Further investigation on the functional differences has revealed NOTCH3 mutations did not affect cell proliferation and contraction, but significantly accelerated migration in CADASIL MCs. The increased migration rate was suppressed by the knockdown of NOTCH3 and PDGFRB. PDGFRβ is a receptor tyrosine kinase that is involved in cellular migration and proliferation , and has been reported to be upregulated by Notch1 and Notch3 in VSMCs . It is of note that knockdown of NOTCH3 in control MCs did not result in the significant upregulation of PDGFRβ or increased migration, as observed in control siRNA-treated CADASIL MCs, discounting loss of function as a pathogenic mechanism.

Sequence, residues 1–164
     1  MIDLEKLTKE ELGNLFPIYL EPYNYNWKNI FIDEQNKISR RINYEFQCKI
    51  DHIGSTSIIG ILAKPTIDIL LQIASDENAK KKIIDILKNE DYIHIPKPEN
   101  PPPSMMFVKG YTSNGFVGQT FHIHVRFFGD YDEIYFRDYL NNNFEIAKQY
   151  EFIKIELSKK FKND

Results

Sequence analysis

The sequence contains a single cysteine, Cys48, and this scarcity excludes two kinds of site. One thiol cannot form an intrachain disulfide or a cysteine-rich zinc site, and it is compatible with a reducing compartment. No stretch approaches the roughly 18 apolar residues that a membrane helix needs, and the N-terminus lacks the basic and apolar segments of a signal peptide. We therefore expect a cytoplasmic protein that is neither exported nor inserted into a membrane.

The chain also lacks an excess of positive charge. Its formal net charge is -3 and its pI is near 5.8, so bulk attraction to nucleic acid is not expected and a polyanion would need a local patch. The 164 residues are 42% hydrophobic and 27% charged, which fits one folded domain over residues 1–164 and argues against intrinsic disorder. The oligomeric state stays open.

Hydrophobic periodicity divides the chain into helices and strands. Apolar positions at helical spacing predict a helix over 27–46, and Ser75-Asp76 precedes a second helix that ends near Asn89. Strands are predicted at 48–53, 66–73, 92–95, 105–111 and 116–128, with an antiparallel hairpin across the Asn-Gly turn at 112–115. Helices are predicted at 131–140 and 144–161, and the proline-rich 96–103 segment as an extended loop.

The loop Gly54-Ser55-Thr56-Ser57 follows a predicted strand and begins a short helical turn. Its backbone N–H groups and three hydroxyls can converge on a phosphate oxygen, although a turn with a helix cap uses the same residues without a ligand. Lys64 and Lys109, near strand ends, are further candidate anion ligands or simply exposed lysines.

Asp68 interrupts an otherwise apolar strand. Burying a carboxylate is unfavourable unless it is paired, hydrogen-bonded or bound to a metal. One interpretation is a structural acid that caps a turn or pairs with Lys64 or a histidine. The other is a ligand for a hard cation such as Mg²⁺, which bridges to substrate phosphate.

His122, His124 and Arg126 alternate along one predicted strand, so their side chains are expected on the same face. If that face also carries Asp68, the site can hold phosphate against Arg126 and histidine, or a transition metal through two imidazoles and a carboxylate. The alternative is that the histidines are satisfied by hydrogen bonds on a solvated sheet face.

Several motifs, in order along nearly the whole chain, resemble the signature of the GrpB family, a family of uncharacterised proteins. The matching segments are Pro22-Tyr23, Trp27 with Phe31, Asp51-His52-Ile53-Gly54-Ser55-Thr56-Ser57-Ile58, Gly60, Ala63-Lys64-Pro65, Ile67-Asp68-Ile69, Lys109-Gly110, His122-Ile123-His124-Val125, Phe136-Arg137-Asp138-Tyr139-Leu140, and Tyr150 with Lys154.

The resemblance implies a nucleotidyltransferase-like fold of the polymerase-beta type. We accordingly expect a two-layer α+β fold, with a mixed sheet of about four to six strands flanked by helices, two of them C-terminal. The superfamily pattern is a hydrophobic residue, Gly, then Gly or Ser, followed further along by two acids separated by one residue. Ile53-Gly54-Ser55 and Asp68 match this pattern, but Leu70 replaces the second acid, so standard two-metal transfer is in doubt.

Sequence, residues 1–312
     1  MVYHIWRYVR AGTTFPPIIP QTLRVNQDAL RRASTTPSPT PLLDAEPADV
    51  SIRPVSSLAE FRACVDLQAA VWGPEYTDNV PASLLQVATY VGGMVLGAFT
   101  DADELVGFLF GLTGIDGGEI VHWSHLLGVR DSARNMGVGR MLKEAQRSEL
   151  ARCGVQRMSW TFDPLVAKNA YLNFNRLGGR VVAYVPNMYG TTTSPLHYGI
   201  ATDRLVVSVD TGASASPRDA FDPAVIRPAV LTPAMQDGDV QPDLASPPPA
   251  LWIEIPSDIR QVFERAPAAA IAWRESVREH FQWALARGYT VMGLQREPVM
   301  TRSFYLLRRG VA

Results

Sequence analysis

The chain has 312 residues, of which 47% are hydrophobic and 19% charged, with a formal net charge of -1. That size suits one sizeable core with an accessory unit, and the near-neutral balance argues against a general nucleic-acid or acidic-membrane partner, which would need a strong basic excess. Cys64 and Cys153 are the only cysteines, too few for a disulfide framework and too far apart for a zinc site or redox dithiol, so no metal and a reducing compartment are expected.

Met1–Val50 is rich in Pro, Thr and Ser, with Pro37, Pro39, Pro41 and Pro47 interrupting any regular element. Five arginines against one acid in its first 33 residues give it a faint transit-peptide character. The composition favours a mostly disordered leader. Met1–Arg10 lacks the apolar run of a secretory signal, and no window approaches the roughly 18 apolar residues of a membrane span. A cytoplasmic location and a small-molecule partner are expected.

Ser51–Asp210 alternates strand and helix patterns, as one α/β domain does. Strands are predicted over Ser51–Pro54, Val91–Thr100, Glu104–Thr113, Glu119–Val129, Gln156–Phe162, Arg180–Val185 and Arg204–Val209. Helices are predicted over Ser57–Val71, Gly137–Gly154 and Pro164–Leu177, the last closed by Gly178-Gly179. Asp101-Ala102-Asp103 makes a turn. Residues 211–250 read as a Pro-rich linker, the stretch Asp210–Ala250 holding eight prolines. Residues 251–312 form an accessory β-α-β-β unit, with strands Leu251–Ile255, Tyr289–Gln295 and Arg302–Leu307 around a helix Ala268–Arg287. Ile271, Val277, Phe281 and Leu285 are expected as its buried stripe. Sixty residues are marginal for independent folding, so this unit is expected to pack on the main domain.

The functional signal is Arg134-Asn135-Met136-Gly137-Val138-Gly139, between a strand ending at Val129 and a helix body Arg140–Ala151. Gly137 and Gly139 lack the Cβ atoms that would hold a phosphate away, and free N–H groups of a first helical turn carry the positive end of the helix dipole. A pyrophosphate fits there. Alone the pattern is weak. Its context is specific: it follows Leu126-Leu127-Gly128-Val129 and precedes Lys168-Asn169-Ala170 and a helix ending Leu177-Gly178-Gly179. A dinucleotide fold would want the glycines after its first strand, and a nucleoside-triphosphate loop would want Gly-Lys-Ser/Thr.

Decreased PDGFRβ after treatment with γ-secretase inhibitor DAPT indicated a close relationship between Notch signaling pathways and PDGFRβ-mediated migration. Indeed, several studies have reported that Notch1 and 3 are involved in the regulation of PDGF signaling pathway [30,31,32]. Notch1 ICD binds to a proximal promoter region of PDGFRβ, while N3ICD is recruited to another CSL-binding site outside the promoter region to activate the transcription of PDGFRβ . Decreased migration rate by DAPT treatment and NOTCH3 knockdown supported the regulatory mechanism and appeared to suggest CADASIL pathology is caused by the increased PDGFRβ by gain of function NOTCH3 mutations. However, the increased PDGFRβ by mutant NOTCH3 knockdown confounded expectations from previous studies [30, 32], and appeared to be dominant negative effect. The decreased migration rate could be explained by the intracellular aggregation of excessive PDGFRβ, despite the increased amount of PDGFRβ, resulting in reduced reactive receptors on the plasma membrane. One plausible explanation is that our study performed knockdown of NOTCH3, rather than knockout as in previous reports [30, 32]. Gene knockout, but not knockdown by siRNA, is known to trigger transcriptional adaptation, which upregulates genes that exhibit sequence similarity to the degraded mRNA, often those belonging to the same family . While canonical NOTCH1 signaling pathway is competitively inhibited by N3ICD, both N1ICD and N3ICD directly induce PDGFRβ expression [34,35,36]. The presence or absence of transcriptional adaptation could have affected the PDGFRβ expression. Conversely, the increased PDGFRβ may be a result of compensation by other Notch signaling pathways, independent of HES1 , which were inhibited by non-selective γ-secretase inhibitor DAPT treatment but not by NOTCH3 knockdown. Another possibility is that our experiment was conducted without any additional ligand stimulation, which could have affected the complex regulatory mechanisms behind Notch signaling by cis-inhibition and/or trans-activation. Stimulation with ligands, such as Jagged1 may elicit a different outcome.